Where a consumer seeks redress measures, the Bill requires the consumer to expressly opt in to the representative action by notifying the QE up until the case is accepted as a representative action by the court.

Due to the opt-in nature of redress actions, there are a number of safeguards built into this aspect of the Bill.

This includes the consumer signing a declaration that he or she will be bound by the outcome of the action and preclude any other action against the trader in respect of the same cause of action.

In contrast, consumers who seek injunctive relief measures are not required to opt in to the representative action.


As a general principle, the consumer is not liable to pay the costs of the proceedings where redress measures are sought. However, the court will have discretion to depart from that rule where costs were incurred by a party as a result of that individual consumer's intentional or negligent conduct.

There is also scope for a successful party to recoup the costs of providing information to consumers for the purposes of the representative action.

Third-party litigation funding

The Bill anticipates the costs of a representative action are to be provided by a third party "insofar as permitted in accordance with law," subject to oversight by the court, including:

  • Ensuring that the decisions of QEs, including in relation to settlement, are not unduly influenced by a third party in a manner that would be detrimental to collective interests of the represented consumers; and
  • The representative action is not brought against a defendant who is a competitor of the funding provider or a defendant on whom the funding provider is dependent.

The purpose of such scrutiny is to ensure the protection of the collective interests of the consumers and to prevent any conflicts of interest.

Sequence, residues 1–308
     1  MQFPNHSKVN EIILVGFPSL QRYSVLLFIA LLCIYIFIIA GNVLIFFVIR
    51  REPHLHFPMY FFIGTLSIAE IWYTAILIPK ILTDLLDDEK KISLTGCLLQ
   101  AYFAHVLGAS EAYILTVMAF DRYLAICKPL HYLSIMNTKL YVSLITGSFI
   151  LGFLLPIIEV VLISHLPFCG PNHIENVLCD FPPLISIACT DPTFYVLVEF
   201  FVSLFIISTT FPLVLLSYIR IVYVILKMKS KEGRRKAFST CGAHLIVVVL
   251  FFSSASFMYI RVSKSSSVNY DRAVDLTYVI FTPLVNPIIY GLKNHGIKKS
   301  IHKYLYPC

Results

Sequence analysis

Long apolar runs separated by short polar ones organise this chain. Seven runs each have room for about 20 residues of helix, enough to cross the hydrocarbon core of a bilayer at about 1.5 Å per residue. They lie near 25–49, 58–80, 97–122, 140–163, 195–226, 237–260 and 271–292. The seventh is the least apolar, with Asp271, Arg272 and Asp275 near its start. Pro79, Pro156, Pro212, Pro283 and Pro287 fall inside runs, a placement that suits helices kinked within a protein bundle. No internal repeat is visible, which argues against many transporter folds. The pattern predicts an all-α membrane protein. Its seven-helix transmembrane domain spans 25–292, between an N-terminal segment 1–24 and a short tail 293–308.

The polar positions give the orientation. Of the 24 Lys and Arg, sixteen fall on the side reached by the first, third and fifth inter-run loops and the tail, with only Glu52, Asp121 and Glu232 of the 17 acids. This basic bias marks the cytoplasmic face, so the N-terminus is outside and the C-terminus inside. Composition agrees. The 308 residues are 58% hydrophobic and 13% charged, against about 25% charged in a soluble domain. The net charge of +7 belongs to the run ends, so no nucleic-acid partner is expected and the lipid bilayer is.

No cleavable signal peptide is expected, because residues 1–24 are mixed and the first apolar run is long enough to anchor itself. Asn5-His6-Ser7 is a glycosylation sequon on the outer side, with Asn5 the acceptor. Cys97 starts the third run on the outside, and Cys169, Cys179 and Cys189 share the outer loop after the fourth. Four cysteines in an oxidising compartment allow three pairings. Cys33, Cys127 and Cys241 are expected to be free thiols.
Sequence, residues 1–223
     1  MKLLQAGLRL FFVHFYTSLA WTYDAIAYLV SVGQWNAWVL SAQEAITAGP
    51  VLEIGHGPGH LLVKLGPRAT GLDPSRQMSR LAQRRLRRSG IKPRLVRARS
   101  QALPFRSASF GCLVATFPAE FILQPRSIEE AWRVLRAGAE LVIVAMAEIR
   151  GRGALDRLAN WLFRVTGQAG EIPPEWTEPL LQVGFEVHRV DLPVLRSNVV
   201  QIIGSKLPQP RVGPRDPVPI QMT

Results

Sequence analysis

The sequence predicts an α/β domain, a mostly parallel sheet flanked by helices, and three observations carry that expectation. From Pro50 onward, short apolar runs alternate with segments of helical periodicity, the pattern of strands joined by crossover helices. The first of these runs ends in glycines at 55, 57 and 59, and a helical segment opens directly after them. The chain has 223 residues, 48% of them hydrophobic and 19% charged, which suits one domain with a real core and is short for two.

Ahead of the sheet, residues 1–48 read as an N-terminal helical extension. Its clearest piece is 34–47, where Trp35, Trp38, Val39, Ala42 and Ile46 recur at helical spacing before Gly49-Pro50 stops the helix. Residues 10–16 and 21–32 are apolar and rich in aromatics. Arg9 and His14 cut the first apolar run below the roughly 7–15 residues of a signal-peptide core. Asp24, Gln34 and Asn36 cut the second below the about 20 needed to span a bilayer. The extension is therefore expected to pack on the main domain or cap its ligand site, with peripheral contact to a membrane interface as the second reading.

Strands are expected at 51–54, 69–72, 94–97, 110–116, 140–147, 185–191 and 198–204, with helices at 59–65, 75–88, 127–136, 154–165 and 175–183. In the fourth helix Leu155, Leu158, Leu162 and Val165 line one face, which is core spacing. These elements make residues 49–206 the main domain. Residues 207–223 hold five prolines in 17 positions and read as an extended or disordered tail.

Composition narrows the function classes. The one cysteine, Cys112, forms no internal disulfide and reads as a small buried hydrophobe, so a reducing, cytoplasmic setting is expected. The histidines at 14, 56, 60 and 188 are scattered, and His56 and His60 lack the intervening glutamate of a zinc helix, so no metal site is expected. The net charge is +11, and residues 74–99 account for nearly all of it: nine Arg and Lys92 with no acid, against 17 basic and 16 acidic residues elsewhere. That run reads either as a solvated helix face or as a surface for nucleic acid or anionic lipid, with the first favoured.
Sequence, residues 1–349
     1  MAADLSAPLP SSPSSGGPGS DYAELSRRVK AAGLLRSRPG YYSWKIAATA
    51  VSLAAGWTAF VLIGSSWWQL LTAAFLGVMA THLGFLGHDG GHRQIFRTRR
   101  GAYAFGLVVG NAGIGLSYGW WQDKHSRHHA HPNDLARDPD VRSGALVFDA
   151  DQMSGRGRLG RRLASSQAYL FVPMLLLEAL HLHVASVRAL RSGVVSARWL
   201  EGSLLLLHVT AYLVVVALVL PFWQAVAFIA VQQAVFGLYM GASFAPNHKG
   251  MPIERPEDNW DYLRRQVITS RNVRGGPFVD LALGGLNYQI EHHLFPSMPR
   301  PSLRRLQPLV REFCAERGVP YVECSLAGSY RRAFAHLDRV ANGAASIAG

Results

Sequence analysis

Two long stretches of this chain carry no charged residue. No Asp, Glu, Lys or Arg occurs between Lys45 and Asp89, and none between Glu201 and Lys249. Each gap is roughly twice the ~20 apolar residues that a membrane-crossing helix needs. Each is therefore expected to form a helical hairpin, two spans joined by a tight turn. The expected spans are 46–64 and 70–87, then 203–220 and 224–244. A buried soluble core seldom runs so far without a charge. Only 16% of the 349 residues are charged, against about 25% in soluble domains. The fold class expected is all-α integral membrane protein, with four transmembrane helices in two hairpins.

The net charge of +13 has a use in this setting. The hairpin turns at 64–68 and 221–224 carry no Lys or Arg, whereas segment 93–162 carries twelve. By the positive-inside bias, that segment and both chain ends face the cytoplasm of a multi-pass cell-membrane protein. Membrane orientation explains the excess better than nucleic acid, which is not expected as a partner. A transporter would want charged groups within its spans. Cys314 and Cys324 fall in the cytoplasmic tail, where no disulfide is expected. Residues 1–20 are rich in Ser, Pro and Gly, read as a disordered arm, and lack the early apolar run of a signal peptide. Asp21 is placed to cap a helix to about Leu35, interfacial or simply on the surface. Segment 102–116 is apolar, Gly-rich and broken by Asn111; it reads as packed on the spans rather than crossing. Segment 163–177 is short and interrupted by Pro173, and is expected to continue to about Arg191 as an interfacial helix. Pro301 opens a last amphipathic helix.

As Ireland currently prohibits third-party litigation funding, it is unclear how this aspect of the Bill will progress. It also raises questions as to whether it will ultimately impede access to justice.

At the Dáil Éireann debate on 19 April, the minister of state at the Department of Enterprise, Trade and Employment voiced concern that the limitation on access to funding for civil litigation in Ireland is likely to discourage some not-for-profit organizations from applying to become designated QEs.[4]

Recently, however, considerations around reform in this area have come to the fore, albeit the Irish Parliament remains cautious.

The minister for justice acknowledged on 20 September 2022, that aspects of litigation funding are considered to be contrary to public policy, and may drive a market in legal claims. It may also promote litigation for the benefit of the promoter rather than the litigant, and this may create a substantial injustice to a defendant in an action.

Nonetheless, the following developments indicate that reform is on the horizon:

  • The Law Reform Commission is currently conducting a review of the law governing third-party litigation funding and is expected to report in 2024. The minister for justice will then evaluate the issue fully in the context of reform of parts of the civil law system.